The way you choose to make the transition to a diet higher in vegetables is crucial, even if you include some fish and meat.
It helps to make the transition slowly. Start by incorporating one meat-free meal — or an entire meat-free day — each week, and build from there. And remember, there are plenty of unhealthy vegetarian choices out there.
Vegans need to be particularly vigilant about vitamin B12, iodine and omega-3s, which can all be lacking in a poorly planned vegan diet. Talk to your GP about a B12 supplement if you are concerned.
Even if you occasionally eat red meat, your iron and selenium intakes may become low. As you gradually eat less meat, fish and dairy foods, you may also need to consider whether you’re getting enough vitamin B12.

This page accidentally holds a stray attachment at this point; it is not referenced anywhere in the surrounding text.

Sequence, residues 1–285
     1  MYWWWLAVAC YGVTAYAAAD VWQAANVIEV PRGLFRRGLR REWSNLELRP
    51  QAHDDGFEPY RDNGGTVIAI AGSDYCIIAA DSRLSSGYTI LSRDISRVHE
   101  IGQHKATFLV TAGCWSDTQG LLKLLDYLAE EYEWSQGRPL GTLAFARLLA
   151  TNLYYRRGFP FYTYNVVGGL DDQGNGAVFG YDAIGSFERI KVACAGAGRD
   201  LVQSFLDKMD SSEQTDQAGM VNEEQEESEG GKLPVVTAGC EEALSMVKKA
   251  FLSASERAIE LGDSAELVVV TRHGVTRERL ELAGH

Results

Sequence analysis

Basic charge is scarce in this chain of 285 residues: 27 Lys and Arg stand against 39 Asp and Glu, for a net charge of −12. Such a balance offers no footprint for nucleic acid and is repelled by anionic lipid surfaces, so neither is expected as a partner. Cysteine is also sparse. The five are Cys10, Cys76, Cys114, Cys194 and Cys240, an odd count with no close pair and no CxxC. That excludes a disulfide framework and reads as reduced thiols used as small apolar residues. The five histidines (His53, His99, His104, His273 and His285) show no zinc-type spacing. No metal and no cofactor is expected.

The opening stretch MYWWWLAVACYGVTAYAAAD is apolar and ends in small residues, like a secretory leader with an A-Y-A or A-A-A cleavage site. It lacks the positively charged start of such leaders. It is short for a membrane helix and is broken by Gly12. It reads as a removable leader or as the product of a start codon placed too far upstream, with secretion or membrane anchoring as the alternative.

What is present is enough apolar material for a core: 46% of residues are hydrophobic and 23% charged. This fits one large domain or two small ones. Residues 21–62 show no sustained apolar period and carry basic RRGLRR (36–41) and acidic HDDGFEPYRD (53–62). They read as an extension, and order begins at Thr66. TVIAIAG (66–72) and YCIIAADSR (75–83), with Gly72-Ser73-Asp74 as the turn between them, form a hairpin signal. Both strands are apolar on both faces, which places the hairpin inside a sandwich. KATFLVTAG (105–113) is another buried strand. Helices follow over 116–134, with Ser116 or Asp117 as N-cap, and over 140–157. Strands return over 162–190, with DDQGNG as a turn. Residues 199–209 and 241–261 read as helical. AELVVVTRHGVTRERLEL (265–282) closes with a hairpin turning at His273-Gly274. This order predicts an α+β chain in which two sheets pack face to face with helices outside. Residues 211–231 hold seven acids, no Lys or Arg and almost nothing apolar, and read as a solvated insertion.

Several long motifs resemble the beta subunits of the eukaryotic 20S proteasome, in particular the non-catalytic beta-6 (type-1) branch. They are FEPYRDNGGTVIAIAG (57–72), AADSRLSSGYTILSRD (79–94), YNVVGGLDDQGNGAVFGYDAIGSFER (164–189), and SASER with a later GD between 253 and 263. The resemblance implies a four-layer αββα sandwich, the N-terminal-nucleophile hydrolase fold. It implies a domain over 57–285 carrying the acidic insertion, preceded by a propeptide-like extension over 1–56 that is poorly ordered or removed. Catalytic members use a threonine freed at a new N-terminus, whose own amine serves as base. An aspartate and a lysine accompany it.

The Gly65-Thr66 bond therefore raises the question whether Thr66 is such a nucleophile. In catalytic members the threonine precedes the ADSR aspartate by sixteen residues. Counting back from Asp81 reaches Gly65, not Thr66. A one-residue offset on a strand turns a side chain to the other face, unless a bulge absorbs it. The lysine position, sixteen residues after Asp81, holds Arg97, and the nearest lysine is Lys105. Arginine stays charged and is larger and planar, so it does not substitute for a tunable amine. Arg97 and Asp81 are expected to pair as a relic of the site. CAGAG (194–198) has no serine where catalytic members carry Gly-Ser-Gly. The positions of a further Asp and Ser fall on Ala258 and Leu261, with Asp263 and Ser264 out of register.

Relying on fish for your main source of protein is fine, but vary it so that you consume oily fish such as salmon and tuna at least twice a week to make sure you get your necessary intake of healthy omega-3 fats.